I sit by the restless all the dark night, some are so young. Some suffer so much, I recall the experience sweet and sad,

(Many a soldier’s loving arms about this neck have cross’d and rested,

Many a soldier’s kiss dwells on these bearded lips.)

These lines reveal Whitman’s contradictory attitudes when he was medically assisting wounded people in the course of the war. This is first revealed by “experience sweet and sad.” The death and misery he witnessed as an army nurse was produced by the struggle between two war machines designed and empowered with the same science and industrial might that Whitman had previously endorsed without reservation.

This could only have added to the bitterness of his war-time experience. The war saw many technological innovations such as the introduction of the legendary ironclads, the use of rapid-fire guns, and the inauguration of the mechanically fused land mine in warfare. The poet’s disgust at the deconstruction of that beautiful night’s sky into charts and equations does not contradict the awe he expresses for science in his earlier works when viewed in this historical context.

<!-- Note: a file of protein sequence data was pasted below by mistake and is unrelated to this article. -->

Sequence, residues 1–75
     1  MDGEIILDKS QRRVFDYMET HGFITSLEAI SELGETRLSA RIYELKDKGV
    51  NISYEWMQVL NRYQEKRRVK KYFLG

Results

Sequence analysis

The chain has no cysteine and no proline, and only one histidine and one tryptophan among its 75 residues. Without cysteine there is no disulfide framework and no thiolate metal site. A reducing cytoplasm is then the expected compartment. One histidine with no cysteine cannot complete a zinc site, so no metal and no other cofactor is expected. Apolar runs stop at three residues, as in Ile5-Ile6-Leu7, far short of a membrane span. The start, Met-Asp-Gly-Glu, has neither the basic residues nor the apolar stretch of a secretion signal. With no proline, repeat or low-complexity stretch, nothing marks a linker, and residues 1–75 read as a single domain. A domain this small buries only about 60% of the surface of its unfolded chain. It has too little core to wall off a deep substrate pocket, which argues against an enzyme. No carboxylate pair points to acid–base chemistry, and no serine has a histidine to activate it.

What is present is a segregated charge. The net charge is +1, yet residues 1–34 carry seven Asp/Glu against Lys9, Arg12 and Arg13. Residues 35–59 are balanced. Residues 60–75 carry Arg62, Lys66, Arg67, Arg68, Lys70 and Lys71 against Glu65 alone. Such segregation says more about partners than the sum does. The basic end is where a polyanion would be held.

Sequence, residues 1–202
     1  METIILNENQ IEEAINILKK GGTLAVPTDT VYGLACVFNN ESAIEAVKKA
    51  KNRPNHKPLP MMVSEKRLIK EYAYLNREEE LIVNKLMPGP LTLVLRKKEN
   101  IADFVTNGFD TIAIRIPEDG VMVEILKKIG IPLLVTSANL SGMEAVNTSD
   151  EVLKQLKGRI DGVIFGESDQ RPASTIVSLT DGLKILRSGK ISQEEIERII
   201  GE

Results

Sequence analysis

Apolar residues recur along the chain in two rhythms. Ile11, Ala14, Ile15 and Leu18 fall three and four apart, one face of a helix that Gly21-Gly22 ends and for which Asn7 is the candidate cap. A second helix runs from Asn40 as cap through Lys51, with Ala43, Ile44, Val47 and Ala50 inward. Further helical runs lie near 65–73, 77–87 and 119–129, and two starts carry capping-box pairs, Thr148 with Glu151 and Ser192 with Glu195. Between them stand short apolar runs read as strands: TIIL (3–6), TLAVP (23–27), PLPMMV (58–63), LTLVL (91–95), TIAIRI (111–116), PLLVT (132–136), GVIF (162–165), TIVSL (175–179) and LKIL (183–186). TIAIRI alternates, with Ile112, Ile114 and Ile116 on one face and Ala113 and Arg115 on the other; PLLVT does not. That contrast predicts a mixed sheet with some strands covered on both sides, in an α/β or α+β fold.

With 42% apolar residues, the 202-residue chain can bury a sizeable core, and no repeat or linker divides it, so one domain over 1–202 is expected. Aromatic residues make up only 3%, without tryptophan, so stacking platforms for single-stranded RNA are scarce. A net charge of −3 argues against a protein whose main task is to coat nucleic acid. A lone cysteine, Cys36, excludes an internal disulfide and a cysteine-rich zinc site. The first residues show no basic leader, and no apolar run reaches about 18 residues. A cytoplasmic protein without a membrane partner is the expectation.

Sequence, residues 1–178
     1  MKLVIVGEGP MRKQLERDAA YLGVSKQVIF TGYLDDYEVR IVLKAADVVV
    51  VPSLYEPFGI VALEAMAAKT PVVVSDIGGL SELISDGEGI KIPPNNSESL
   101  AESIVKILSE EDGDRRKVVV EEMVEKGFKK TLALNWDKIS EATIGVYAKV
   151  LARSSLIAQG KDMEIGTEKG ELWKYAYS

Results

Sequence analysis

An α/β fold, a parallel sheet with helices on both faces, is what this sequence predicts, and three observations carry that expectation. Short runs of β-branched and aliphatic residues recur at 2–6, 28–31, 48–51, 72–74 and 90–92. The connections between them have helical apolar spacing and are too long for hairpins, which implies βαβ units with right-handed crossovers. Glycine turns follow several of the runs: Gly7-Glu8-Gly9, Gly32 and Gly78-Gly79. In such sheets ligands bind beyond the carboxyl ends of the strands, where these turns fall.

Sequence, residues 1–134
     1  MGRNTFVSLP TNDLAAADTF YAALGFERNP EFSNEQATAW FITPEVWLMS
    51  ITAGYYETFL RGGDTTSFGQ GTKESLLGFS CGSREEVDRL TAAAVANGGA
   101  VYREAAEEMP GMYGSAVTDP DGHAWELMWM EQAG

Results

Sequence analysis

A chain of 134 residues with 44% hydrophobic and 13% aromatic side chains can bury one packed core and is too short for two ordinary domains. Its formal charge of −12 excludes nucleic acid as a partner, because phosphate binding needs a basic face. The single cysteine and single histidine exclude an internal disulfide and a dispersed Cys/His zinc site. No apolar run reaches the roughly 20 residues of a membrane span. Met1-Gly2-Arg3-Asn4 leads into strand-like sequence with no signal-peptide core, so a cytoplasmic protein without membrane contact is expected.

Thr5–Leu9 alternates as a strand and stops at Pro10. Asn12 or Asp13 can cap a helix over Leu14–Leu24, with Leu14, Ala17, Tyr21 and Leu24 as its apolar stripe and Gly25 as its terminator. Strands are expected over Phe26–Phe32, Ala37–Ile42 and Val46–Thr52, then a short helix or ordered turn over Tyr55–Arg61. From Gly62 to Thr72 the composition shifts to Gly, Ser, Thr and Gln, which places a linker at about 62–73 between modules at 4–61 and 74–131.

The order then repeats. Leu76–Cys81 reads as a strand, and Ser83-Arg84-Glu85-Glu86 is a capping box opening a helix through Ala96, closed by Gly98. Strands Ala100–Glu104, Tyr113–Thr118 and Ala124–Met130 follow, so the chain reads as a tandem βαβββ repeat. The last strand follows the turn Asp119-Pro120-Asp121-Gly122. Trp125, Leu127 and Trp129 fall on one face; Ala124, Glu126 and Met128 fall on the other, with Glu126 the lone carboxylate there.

Lennard (1996, p. 32) defines allusion as “a reference to something outside the immediate scope of what is being presented.” Biblical allusion is apparent in Whitman’s “Crossing Brooklyn Ferry” (Stanza 3, Ll.20-22): “It avails not, time nor place – distance avails not,/I am with you, you men and women of a generation, or ever so many generations hence.”

Line 21, “I am with you … so many generations,” reverberates Jesus Christ’s following statement in Matthew 28. 20: “I am with you always even unto the end of the world.” In “Song of Myself,” the poet makes an allusion similar to the preceding one: “This is the meal equally set, this the meat for natural hunger,/It is for the wicked just same as the righteous,/ I make appointments with all.”